"It is very difficult at times," the 28-year-old said when asked how he handled on-course irritation.
"Some people can keep it in. Others need to sort of express it in a way. I need to actually get it out to carry on," the golfer told a teleconference in which he confirmed he would be defending his Thailand Golf Championship crown in December.
"I can't keep it bottled up inside me. That will affect my game more than actually expressing my whatever, a bad shot I hit or whatever it maybe."
Muirfield witnessed a manifestation of his anger when the South African snapped an eight-iron in half after a duffed approach shot from the deep rough led Schwartzel to hurl his club into the ground in front of him.
"Obviously not very proud of it," the golfer added. "It was just in the moment, all the tensions that was going on. It wasn't actually even that bad a shot.
"I wasn't planning on breaking the club. The ground was just so firm that obviously it fell at an angle and broke. I'm not very proud of it, but at least the next day, I came back and played some good golf," he said of his top 15 finish.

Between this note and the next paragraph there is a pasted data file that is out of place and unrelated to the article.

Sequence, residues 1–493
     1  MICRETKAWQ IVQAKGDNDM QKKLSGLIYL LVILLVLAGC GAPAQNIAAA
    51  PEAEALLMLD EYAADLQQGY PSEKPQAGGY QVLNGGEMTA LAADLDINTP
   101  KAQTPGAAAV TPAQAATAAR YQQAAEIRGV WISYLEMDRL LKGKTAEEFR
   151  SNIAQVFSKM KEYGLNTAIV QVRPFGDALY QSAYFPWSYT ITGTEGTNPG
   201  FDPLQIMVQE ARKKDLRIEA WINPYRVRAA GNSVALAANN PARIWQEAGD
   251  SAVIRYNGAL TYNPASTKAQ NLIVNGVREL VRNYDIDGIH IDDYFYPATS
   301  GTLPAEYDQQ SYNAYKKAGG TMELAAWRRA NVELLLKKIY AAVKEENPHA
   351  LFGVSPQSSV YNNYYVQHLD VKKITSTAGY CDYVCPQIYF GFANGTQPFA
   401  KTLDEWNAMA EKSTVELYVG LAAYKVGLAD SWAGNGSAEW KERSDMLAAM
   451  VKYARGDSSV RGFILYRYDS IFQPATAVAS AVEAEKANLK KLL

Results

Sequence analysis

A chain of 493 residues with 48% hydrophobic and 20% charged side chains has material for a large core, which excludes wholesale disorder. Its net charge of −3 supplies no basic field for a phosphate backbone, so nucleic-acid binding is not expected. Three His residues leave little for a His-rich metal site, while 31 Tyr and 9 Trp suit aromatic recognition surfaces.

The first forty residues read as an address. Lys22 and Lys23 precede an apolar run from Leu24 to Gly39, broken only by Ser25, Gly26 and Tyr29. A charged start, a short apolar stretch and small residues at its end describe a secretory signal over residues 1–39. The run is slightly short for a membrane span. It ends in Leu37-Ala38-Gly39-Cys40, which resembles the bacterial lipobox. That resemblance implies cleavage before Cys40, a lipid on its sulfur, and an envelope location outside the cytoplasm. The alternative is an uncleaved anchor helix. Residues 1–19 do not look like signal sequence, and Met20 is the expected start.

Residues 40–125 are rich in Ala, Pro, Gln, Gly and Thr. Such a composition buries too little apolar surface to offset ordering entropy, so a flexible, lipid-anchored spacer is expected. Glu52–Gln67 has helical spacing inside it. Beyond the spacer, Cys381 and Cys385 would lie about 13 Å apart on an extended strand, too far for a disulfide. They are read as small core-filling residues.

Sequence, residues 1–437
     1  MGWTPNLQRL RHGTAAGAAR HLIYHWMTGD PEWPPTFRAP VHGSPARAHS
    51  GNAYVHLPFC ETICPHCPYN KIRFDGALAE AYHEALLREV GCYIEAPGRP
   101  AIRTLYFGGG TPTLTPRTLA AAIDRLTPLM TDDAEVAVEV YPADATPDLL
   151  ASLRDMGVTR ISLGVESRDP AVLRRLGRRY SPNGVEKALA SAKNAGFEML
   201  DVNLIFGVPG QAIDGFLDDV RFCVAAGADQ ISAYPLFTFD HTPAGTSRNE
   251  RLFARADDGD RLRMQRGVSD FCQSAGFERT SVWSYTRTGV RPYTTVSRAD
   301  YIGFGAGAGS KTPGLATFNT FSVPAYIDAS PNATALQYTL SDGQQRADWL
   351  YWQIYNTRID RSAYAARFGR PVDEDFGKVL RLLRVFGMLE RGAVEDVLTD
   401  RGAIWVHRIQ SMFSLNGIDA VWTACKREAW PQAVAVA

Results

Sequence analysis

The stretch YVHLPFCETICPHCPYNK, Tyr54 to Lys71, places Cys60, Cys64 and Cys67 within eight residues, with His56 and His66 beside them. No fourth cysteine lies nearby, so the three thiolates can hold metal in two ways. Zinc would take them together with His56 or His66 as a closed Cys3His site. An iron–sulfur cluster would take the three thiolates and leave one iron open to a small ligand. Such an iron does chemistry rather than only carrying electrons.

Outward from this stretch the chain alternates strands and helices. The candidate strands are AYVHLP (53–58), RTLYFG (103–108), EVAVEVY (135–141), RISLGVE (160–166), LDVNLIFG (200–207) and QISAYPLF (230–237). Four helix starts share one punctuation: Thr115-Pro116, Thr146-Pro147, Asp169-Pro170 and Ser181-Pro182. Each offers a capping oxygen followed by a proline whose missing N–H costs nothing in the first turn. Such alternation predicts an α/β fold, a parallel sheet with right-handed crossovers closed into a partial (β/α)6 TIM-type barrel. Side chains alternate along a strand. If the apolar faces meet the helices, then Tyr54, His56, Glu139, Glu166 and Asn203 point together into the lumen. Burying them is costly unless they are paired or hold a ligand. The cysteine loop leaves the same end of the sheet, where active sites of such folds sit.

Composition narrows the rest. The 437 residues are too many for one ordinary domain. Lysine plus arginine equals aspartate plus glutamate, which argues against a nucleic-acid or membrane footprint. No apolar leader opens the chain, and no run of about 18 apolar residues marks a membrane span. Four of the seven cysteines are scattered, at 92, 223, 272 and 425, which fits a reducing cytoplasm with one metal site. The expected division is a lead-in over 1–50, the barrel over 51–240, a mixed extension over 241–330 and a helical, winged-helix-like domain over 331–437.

The South African won the Asian Tour title in Thailand last year with a 11-stroke victory after posting just one bogey in the whole week.
"I've always tried to be very consistent with the game... by managing to only make one bogey in 72 holes around a golf course like Amata Spring, that was a really, really big achievement for me.
"It's definitely right there in the top three best tournaments I've ever played," added Schwartzel. Amata Spring Country Club outside Bangkok will host the $1 million (£650,000) Asian Tour event from December 12-15.